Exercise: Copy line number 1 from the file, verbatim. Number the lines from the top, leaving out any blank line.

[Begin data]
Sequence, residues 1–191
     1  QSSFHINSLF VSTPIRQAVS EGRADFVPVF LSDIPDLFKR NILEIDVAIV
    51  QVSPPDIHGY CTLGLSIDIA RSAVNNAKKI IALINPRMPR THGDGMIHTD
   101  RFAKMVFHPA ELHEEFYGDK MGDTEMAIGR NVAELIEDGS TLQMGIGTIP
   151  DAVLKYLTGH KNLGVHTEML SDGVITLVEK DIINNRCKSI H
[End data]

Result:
Sequence, residues 1–191